The more than 150 Ph.D. students in graduate fields within in the Department of Molecular Biology and Genetics engage in world-class, multidisciplinary training in the biological and biomedical sciences. They study a wide range of research topics from cellular organelle functions, to DNA replication and repair, to the molecular structure of spider silk and why it is five times stronger than steel. Through solid scientific investigation, they are making strides toward greater understanding of the governing principles of life.
Graduate Fields within MBG
At Cornell, graduate education is organized by Fields, defining areas of scientific endeavor that cross departmental boundaries. The Department of Molecular Biology and Genetics is the primary home of the Graduate Fields of Biochemistry, Molecular and Cell Biology and Genetics, Genomics, and Development, as well as an important participant in the Field of Biophysics.
The Graduate Field of Biochemistry, Molecular and Cell Biology (BMCB) at Cornell University provides top-ranking, multidisciplinary training in diverse aspects of biological and biomedical sciences. Research topics include transcription, RNA processing, DNA replication and repair, membrane trafficking, the cytoskeleton, signal transduction, metabolic regulation, enzyme structure and mechanism, organelle function, biophysics of protein-protein and protein-lipid interactions, and virology. Learn More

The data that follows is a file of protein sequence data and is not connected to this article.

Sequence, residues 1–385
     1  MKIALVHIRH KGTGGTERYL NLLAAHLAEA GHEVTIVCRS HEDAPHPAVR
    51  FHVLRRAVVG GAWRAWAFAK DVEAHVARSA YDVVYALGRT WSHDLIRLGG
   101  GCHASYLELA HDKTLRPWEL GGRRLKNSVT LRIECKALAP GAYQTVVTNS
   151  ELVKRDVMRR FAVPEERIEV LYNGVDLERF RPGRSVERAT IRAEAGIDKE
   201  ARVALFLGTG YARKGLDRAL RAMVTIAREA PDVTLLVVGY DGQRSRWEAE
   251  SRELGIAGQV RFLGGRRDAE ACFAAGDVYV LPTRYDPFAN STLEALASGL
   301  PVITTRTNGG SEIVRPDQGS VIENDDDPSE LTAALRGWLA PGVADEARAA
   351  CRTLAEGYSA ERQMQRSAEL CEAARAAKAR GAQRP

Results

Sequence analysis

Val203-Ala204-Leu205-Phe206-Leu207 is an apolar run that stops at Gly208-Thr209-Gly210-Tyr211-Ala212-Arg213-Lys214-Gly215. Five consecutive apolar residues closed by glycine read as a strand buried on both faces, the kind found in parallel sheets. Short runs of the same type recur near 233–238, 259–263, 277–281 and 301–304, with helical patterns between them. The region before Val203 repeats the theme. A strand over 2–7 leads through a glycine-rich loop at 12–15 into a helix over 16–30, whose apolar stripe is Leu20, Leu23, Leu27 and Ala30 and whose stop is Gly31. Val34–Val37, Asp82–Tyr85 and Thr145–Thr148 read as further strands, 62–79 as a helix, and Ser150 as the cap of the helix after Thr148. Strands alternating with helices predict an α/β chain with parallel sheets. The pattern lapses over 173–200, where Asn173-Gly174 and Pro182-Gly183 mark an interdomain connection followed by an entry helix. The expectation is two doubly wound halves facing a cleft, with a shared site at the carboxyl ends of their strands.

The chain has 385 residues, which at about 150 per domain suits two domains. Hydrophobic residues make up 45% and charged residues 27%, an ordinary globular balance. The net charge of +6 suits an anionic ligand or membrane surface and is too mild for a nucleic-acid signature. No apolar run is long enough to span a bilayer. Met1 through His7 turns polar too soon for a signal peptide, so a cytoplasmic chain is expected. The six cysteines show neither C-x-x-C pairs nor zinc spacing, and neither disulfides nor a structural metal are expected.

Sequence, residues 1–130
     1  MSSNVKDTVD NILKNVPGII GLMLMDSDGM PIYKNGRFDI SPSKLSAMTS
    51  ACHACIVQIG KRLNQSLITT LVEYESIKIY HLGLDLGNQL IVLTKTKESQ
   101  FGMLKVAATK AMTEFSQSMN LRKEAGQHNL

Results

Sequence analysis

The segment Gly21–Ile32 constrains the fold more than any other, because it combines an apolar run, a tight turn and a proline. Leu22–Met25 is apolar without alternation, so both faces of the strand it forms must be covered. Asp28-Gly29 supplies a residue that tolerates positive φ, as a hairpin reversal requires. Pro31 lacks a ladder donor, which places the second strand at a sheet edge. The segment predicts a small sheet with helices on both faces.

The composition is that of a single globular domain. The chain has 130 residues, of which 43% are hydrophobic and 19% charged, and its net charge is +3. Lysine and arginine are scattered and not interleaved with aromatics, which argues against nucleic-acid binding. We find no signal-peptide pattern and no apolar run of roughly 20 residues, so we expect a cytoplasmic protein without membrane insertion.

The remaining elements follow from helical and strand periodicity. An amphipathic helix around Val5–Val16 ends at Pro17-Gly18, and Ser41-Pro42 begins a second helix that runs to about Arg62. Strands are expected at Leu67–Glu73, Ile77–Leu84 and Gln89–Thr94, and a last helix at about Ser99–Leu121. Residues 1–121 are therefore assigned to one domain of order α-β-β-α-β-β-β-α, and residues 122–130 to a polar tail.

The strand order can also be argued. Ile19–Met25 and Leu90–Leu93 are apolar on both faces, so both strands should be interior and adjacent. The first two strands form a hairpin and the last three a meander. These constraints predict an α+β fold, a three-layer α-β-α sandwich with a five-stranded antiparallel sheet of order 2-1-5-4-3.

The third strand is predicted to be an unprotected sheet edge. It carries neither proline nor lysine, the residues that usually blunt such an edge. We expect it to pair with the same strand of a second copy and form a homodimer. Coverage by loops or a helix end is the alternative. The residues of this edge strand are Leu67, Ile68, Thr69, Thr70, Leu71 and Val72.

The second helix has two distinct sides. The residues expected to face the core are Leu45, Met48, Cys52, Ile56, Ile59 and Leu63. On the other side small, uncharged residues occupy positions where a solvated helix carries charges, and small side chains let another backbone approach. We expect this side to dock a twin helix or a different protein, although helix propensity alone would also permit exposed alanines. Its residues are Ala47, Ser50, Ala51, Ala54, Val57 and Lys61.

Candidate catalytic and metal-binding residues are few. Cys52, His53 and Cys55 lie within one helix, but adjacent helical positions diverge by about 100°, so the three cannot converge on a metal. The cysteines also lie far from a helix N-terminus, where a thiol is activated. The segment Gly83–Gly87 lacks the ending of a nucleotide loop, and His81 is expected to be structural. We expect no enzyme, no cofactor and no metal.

The Graduate Field of Genetics, Genomics, and Development (GG&D) is ideally suited for students who want to uncover the fundamental genetic, biochemical, developmental, and cell biological principles that govern life. Students obtain outstanding training in analytical tools that enable them to understand the mechanisms of inheritance, development, mutation, gene regulation, and population structure and evolution. The GG&D Field builds on the strong tradition of interdisciplinary training at Cornell and is composed of more than 55 faculty members from 15 departments in 5 colleges. Learn More
The Graduate Field of Biophysics encompasses a diversity of interdisciplinary research topics. Biophysicists seek to understand the fundamental processes of life by applying the methods of physics and chemistry to biological systems. To investigate life at this most basic level, biophysicists use some of the most powerful tools available - X ray crystallography, optical and laser spectroscopy, nuclear magnetic resonance (NMR) spectroscopy, and advanced computational science. Learn More